SCOTUSblog: Burwell v. Hobby Lobby Stores, Inc. (consolidated with Conestoga Wood Specialties Corp. v. Burwell)
abortifacients, the use of which is contrary to their faith. The employers grounded their claims in the Free Exercise Clause of the First Amendment, and the Religious Freedom Restoration Act (RFRA), a federal law aimed at preventing laws that substantially burden a person's free exercise of their religion. The Tenth Circuit ruled that Hobby Lobby and Mardel were "Persons Exercising Religion" Under RFRA, and thus entitled to bring their claims. On the other hand, the Third Circuit ruled that for-profit, secular corporations like Conestoga Wood Specialties could not engage in religious exercise, and as a result, were not entitled to protection under the Free Exercise Clause of the First Amendment and the RFRA.
The question before the Court in Conestoga Wood Specialties is whether the religious owners of a family business, or their closely held, for-profit corporation, have free exercise rights that are violated by the application of the contraceptive-coverage mandate of the Affordable Care Act.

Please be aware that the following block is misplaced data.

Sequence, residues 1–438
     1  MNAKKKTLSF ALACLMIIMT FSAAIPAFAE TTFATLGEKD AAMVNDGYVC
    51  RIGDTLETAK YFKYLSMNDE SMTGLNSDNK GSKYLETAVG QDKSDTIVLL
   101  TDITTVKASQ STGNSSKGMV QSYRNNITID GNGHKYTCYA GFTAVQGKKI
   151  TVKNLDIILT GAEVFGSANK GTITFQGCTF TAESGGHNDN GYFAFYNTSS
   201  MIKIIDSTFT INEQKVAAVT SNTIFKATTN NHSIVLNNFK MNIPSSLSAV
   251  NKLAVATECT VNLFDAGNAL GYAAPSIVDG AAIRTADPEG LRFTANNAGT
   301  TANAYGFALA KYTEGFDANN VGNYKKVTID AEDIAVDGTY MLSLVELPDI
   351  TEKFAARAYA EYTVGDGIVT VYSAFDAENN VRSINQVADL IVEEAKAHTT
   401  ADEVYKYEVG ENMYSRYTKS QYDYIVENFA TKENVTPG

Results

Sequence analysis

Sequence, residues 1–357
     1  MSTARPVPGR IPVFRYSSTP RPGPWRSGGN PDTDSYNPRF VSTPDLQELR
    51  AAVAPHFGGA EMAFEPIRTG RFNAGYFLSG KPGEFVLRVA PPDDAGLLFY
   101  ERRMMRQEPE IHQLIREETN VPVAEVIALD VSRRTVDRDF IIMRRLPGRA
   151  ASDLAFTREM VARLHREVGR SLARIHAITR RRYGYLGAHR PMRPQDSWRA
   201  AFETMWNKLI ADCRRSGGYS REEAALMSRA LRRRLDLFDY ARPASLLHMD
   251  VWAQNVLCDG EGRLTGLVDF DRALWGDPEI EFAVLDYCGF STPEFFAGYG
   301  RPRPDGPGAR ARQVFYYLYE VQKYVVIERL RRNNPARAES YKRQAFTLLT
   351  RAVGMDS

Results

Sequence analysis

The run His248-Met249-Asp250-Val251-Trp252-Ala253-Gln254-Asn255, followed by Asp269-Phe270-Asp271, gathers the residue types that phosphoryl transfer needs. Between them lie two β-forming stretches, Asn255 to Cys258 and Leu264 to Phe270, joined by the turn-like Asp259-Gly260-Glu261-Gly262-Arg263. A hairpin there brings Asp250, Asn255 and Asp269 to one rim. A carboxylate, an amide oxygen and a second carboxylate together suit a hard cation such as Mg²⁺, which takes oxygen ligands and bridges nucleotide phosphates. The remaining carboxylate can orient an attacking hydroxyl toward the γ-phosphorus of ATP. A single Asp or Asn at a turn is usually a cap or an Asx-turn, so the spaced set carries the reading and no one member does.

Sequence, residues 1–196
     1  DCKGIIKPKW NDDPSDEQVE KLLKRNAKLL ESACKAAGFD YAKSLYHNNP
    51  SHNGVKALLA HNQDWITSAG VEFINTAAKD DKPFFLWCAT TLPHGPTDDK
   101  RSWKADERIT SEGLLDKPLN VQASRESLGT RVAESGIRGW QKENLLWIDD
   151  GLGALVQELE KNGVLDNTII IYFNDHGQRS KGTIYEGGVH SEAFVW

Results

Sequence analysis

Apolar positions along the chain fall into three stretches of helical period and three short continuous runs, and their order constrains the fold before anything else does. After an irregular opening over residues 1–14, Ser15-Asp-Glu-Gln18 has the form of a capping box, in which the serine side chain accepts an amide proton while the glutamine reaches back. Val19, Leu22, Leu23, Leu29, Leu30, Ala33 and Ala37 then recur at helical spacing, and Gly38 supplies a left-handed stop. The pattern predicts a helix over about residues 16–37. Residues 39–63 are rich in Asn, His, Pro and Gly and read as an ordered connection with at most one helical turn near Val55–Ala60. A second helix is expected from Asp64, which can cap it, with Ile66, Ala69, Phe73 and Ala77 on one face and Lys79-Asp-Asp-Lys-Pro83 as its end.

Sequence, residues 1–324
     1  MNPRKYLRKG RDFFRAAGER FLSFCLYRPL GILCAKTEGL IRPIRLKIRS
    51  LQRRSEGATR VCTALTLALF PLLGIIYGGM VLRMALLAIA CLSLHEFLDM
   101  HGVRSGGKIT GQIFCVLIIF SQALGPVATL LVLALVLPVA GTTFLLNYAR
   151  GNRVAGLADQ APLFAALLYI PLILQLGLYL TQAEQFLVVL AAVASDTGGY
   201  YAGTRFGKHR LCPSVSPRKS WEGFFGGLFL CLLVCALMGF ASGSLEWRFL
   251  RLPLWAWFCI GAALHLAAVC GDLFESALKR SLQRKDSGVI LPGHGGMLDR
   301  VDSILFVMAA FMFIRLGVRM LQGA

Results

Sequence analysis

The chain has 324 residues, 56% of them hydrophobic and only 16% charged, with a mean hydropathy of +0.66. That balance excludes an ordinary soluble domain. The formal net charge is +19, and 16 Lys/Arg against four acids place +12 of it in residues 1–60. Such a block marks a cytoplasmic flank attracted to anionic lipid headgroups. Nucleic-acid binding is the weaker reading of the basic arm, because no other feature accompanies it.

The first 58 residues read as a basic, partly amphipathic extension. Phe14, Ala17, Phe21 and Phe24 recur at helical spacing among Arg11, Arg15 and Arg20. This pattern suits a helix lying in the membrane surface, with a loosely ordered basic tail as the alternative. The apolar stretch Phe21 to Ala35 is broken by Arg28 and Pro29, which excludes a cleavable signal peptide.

Holding: In a 5-4 decision, the Supreme Court ruled that, as applied to closely held corporations, the HHS regulations implementing the contraception mandate violate the RFRA. It is important to note the distinction that the holding in this case does not apply to all corporations, just those that are defined as closely-held. The IRS defines a closely-held corporation as one in which more than 50% of the value of its outstanding stock owned (directly or indirectly) by 5 or fewer individuals at any time during the last half of the tax year; and is not a personal service corporation.